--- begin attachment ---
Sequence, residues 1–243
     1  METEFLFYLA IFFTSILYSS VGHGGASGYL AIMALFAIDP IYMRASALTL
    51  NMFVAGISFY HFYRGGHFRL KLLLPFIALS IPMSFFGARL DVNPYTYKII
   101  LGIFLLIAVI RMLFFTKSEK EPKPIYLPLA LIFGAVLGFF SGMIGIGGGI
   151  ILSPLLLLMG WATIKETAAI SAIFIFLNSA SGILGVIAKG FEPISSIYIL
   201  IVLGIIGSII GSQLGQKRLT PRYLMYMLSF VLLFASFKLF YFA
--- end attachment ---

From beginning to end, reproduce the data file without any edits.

Sequence, residues 1–243
     1  METEFLFYLA IFFTSILYSS VGHGGASGYL AIMALFAIDP IYMRASALTL
    51  NMFVAGISFY HFYRGGHFRL KLLLPFIALS IPMSFFGARL DVNPYTYKII
   101  LGIFLLIAVI RMLFFTKSEK EPKPIYLPLA LIFGAVLGFF SGMIGIGGGI
   151  ILSPLLLLMG WATIKETAAI SAIFIFLNSA SGILGVIAKG FEPISSIYIL
   201  IVLGIIGSII GSQLGQKRLT PRYLMYMLSF VLLFASFKLF YFA